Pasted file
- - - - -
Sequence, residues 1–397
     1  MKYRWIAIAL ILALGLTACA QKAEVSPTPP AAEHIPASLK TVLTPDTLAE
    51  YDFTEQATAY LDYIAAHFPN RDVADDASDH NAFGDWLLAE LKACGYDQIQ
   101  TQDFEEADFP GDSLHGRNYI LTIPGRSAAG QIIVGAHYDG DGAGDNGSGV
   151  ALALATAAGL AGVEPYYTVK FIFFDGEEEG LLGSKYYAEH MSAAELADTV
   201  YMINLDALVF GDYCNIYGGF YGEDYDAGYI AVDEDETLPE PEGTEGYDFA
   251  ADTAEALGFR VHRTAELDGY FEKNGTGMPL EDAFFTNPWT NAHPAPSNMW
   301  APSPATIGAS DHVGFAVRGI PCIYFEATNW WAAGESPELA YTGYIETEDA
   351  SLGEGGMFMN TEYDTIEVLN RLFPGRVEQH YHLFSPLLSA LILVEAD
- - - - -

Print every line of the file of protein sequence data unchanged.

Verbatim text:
Sequence, residues 1–397
     1  MKYRWIAIAL ILALGLTACA QKAEVSPTPP AAEHIPASLK TVLTPDTLAE
    51  YDFTEQATAY LDYIAAHFPN RDVADDASDH NAFGDWLLAE LKACGYDQIQ
   101  TQDFEEADFP GDSLHGRNYI LTIPGRSAAG QIIVGAHYDG DGAGDNGSGV
   151  ALALATAAGL AGVEPYYTVK FIFFDGEEEG LLGSKYYAEH MSAAELADTV
   201  YMINLDALVF GDYCNIYGGF YGEDYDAGYI AVDEDETLPE PEGTEGYDFA
   251  ADTAEALGFR VHRTAELDGY FEKNGTGMPL EDAFFTNPWT NAHPAPSNMW
   301  APSPATIGAS DHVGFAVRGI PCIYFEATNW WAAGESPELA YTGYIETEDA
   351  SLGEGGMFMN TEYDTIEVLN RLFPGRVEQH YHLFSPLLSA LILVEAD